# Greedy Algorithm

#### In this tutorial, you will learn what a Greedy Algorithm is. Also, you will find an example of a greedy approach.

A greedy algorithm is an approach for solving a problem by selecting the best option available at the moment, without worrying about the future result it would bring. In other words, the locally best choices aim at producing globally best results.

This algorithm may not be the best option for all the problems. It may produce wrong results in some cases.

This algorithm never goes back to reverse the decision made. This algorithm works in a top-down approach.

The main advantage of this algorithm is:

- The algorithm is
**easier to describe**. - This algorithm can
**perform better**than other algorithms (but, not in all cases).

## Feasible Solution

A feasible solution is the one that provides the optimal solution to the problem.

## Greedy Algorithm

- To begin with, the solution set (containing answers) is empty.
- At each step, an item is added into the solution set.
- If the solution set is feasible, the current item is kept.
- Else, the item is rejected and never considered again.

## Example – Greedy Approach

Problem:You have to make a change of an amount using the smallest possible number of coins. Amount: $28 Available coins: $5 coin $2 coin $1 coin

**Solution:**

- Create an empty
`solution-set = { }`. `coins = {5, 2, 1}``sum = 0`- While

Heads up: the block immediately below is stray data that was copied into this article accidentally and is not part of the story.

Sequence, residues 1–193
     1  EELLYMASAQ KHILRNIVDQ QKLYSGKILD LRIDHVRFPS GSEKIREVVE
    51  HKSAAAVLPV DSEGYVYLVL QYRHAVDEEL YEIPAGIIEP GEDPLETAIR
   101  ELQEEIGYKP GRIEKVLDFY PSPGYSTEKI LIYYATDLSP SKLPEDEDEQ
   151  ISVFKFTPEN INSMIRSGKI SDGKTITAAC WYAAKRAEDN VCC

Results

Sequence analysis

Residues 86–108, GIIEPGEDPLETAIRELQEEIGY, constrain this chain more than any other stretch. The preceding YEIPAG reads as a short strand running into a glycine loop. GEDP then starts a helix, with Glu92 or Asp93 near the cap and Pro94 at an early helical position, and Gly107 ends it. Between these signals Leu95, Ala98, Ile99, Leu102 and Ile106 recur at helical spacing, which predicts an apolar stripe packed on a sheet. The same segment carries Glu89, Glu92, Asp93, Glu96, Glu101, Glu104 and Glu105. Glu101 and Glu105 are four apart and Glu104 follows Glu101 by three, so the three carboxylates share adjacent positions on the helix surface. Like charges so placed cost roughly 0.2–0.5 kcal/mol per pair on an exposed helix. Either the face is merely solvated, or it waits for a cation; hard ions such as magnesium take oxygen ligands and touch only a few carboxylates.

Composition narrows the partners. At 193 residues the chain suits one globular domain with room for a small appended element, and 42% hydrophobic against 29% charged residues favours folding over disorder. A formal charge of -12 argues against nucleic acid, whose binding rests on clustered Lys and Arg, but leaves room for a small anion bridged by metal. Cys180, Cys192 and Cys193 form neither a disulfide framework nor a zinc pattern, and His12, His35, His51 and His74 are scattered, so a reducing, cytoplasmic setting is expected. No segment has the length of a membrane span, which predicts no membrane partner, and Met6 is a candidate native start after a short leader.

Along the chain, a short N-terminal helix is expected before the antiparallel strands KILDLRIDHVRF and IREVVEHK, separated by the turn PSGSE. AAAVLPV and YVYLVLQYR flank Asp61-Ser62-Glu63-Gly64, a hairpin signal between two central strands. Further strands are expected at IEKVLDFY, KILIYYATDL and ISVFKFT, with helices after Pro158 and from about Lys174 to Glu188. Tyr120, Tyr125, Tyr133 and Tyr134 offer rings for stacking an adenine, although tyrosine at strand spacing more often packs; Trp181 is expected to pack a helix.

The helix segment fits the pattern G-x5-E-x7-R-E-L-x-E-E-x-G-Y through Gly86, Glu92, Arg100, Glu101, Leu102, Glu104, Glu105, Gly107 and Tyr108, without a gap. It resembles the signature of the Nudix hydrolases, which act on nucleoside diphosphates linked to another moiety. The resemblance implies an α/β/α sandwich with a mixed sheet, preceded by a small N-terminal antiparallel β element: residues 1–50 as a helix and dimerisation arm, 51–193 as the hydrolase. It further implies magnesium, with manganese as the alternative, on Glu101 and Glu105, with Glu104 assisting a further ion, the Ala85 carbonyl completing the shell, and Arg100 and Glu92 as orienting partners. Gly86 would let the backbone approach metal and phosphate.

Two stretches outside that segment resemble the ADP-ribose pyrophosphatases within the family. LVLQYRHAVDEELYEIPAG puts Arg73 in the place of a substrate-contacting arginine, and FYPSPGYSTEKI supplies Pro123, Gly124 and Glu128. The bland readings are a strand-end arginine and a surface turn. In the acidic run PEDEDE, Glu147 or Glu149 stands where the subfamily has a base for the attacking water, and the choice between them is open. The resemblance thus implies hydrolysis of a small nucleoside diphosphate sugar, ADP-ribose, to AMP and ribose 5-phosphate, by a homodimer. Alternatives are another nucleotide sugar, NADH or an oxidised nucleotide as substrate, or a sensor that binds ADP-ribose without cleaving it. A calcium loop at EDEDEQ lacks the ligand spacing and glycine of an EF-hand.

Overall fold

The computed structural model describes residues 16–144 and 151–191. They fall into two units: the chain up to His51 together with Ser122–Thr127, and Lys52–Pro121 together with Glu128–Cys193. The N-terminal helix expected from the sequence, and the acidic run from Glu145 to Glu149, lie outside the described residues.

`sum ≠ 28`, do the following. - Select a coin
`C`from`coins`such that`sum + C < 28`. - If
`C + sum > 28`, return no solution. - Else,
`sum = sum + C`. - Add
`C`to`solution-set`.

Up to the first 5 iterations, the solution set contains `5` $5 coins. After that, we get `1` $2 coin and finally, `1` $1 coin.

## Greedy Algorithm Applications

- Selection Sort
- Knapsack Problem
- Minimum Spanning Tree
- Single-Source Shortest Path Problem
- Job Scheduling Problem
- Prim’s Minimal Spanning Tree Algorithm
- Kruskal’s Minimal Spanning Tree Algorithm
- Dijkstra’s Minimal Spanning Tree Algorithm
- Huffman Coding
- Ford-Fulkerson Algorithm

# Python Example for Beginners

## Two Machine Learning Fields

There are two sides to machine learning:

**Practical Machine Learning:**This is about querying databases, cleaning data, writing scripts to transform data and gluing algorithm and libraries together and writing custom code to squeeze reliable answers from data to satisfy difficult and ill defined questions. It’s the mess of reality.**Theoretical Machine Learning**: This is about math and abstraction and idealized scenarios and limits and beauty and informing what is possible. It is a whole lot neater and cleaner and removed from the mess of reality.

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